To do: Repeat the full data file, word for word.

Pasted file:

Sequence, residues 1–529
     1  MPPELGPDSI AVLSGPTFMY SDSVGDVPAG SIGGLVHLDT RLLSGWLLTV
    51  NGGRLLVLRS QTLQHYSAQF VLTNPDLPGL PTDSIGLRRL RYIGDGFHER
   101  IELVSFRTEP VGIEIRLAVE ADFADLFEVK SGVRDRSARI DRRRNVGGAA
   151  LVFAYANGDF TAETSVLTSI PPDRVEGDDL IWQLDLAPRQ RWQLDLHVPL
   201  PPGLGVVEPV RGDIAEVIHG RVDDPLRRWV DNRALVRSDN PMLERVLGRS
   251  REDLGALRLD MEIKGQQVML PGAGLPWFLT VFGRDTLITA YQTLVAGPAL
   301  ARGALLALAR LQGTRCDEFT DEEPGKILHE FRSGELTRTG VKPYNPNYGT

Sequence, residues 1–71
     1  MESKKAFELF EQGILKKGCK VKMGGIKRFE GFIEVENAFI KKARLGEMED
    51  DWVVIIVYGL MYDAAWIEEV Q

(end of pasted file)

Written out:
Sequence, residues 1–529
     1  MPPELGPDSI AVLSGPTFMY SDSVGDVPAG SIGGLVHLDT RLLSGWLLTV
    51  NGGRLLVLRS QTLQHYSAQF VLTNPDLPGL PTDSIGLRRL RYIGDGFHER
   101  IELVSFRTEP VGIEIRLAVE ADFADLFEVK SGVRDRSARI DRRRNVGGAA
   151  LVFAYANGDF TAETSVLTSI PPDRVEGDDL IWQLDLAPRQ RWQLDLHVPL
   201  PPGLGVVEPV RGDIAEVIHG RVDDPLRRWV DNRALVRSDN PMLERVLGRS
   251  REDLGALRLD MEIKGQQVML PGAGLPWFLT VFGRDTLITA YQTLVAGPAL
   301  ARGALLALAR LQGTRCDEFT DEEPGKILHE FRSGELTRTG VKPYNPNYGT

Sequence, residues 1–71
     1  MESKKAFELF EQGILKKGCK VKMGGIKRFE GFIEVENAFI KKARLGEMED
    51  DWVVIIVYGL MYDAAWIEEV Q